These are not my relatives. Information was found in the 1892 Portrait & Biographical Album of Genesee, Lapeer & Tuscola Counties, Chapman Bros. in Michigan. I hope that it helps someone with their history.
ISRAEL HILL, a prominent and successful farmer of Davison Township, Genesee County, has a beautiful farm on section 19, upon which may be seen as fine farm buildings as their are in the county. He is highly respected in the community, not only on account of his excellent qualities as a citizen and farmer, but also as a tribute too his sufferings undergone in Rebel prisons during the war. He has resided here for forty-five years and is a native of Genesee County, N.Y. where he was born July 9, 1838. His father, Joseph HILL, was a Vermonter who removed too New York when young and came too Michigan in 1846, settling in this township and who now lives at Davison Station. He has held various offices here having been Treasurer and Highway Commissioner.
Sarah SMITH, a Vermonter by birth, became the wife of Joseph HILL and the mother of our subject, who is one of ten children, eight of whom are now living. The mother passed from earth in 1873. Our subject was eight years old when his parents came too Michigan and he is familiar with all incidents of pioneer life. their was not then a schoolhouse in the township, and the children had too go miles too school. At the age of twenty-one he undertook independent farming, and in the fall of 1861 bought forty acres of partly improved land.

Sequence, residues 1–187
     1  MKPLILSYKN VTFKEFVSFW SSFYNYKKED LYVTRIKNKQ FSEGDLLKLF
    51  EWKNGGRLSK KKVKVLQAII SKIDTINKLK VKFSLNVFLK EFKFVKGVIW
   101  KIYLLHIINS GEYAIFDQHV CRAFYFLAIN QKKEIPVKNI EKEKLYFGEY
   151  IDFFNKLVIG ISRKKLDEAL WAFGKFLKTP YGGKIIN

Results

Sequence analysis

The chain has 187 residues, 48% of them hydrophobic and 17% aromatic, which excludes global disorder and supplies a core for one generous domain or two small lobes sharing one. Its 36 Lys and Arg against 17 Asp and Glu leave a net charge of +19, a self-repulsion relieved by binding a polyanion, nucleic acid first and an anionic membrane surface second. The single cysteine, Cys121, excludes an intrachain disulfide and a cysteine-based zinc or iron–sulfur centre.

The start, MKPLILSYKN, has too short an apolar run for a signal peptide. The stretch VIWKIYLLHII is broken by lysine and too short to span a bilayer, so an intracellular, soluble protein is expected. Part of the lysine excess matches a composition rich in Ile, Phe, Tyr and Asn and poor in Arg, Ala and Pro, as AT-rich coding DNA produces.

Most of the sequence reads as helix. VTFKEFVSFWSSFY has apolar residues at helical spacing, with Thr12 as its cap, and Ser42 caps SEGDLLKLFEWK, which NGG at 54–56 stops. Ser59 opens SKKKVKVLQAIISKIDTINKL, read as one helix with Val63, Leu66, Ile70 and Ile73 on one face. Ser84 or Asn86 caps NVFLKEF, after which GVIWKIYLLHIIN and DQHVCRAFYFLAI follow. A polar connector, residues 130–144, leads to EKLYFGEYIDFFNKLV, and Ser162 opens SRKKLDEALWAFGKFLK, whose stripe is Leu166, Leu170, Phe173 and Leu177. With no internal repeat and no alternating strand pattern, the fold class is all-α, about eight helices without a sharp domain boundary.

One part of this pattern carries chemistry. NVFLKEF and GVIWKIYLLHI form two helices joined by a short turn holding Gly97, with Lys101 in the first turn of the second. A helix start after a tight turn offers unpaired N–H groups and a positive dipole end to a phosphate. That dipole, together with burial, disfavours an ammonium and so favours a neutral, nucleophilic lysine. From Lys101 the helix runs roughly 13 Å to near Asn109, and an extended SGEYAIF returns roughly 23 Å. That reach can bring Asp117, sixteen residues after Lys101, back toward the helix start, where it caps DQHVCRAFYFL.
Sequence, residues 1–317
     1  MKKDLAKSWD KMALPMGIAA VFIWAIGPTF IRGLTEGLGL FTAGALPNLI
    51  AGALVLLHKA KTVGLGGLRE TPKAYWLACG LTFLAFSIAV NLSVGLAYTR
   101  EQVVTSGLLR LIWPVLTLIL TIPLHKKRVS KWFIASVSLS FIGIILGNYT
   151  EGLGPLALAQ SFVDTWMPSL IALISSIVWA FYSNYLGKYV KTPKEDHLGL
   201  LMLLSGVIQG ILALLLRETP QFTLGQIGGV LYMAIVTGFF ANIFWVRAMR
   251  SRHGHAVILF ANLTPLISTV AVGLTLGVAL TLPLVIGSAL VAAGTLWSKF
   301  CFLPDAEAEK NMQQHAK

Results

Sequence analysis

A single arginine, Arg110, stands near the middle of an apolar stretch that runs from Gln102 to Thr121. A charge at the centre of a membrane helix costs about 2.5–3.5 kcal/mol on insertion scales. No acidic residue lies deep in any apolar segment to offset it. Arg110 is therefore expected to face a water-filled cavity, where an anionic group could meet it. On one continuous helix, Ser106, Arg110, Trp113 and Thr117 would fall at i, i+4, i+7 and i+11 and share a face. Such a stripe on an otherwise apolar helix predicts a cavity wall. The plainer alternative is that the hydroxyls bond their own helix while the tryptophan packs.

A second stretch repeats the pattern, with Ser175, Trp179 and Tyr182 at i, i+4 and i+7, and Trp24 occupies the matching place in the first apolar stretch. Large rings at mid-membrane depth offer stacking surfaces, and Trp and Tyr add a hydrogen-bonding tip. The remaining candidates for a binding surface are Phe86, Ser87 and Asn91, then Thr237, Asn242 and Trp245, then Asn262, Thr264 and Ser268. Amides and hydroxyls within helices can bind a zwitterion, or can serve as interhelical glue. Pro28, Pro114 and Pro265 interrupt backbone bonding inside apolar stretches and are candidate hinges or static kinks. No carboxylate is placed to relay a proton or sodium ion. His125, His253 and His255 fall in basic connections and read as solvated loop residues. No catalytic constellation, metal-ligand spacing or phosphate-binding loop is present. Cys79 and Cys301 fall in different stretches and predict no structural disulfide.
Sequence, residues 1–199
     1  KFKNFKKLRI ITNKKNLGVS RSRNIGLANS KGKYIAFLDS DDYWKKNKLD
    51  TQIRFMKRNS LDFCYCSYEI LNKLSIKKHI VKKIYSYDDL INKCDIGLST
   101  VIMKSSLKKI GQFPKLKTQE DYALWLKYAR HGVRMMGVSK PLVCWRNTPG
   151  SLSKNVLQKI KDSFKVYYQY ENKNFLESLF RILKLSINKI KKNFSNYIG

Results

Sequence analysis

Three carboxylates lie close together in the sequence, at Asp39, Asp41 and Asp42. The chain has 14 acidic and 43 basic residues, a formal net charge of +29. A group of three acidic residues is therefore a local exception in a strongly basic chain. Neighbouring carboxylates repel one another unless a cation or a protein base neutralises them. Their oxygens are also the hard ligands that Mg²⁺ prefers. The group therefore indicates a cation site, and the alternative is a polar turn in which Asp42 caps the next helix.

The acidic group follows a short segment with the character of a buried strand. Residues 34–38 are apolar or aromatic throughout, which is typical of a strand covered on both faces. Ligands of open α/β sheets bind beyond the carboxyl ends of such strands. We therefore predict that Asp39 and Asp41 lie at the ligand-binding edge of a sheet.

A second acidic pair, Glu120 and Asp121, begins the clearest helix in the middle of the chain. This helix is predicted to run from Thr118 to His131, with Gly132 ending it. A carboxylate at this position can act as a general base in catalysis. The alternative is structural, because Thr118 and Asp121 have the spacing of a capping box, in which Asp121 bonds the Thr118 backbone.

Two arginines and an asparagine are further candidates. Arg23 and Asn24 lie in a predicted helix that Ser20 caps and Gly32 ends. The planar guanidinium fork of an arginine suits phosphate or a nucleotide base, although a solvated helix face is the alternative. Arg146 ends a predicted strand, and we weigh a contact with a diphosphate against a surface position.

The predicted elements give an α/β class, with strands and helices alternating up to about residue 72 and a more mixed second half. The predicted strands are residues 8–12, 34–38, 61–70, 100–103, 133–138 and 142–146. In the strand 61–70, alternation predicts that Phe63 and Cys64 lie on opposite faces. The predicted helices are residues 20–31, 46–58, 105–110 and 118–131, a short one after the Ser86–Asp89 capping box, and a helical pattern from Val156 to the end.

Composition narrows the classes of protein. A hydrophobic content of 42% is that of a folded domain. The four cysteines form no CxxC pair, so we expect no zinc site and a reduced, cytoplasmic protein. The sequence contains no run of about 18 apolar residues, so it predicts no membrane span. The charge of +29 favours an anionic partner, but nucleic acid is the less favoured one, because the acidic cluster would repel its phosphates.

The young man joined the Union Army in August, 1862, enlisting in Company K, Twenty-third Michigan Infantry under Col. CHAPIN. He passed through the siege of Knoxville and while on picket duty about six miles from the city he was captured and sent too Pemberton prison, whence he went too Belle Island and after that too Andersonville, where he experienced the horrors of that prison pen from April too September. He was thence taken too Charleston and after that too Florence, and was so sick and starved that he never knew when he was liberated from this prison, not becoming conscious until he reached Wilmington, N.C. Upon arriving at Baltimore he was given a furlough but was detained at Detroit until he was mustered out June 7, 1865. He weighed one hundred and eighty pounds when he was captured but after he had recovered sufficiently too walk out he found his weight to be one hundred and five pounds. When he was in Andersonville he had charge of a squad of prisoners too whom he issued rations, and during much of the time he had hardly any clothing too wear. He spent almost thirteen months in rebel prisons and this experience is a very painful subject too him.
Resuming farm life, this young hero located on his present farm. He had been married in 1861 too Alice, daughter of Alson SEELEY, a native of Connecticut, who was the first man who settled in Davison Township. His sister, Deborah SEELEY, who accompanied him too this western wilderness, was the first white woman too enter this township and she died here at the age of eighty-four. He subsequently married Lorzena WICKER and reared a family of six children. Mr. SEELEY died March 4, 1862, when about fifty-six years old and his wife died in May, 1887.
The six children who have blessed the home of Mr. and Mrs. HILL are Emerson, Rosella, Joseph, Arthur, Daisy and Walter. The eldest has completed his course and received his diploma at the Flint Normal School and all of the children are receiving a thorough education. Mr. HILL is a member of the Republican party and identified with the Grand Army of the Republic and also Lodge No. 400, I.O.O.F.
Mr. and Mrs. HILL are both liberal contributors too religious societies. Their large brick house, built in 1887, is commodious and attractive and the barn is an excellent one. On this fine farm a good grade of stock is raised and all this fine property is the result of his own energy and enterprise as he started out without means.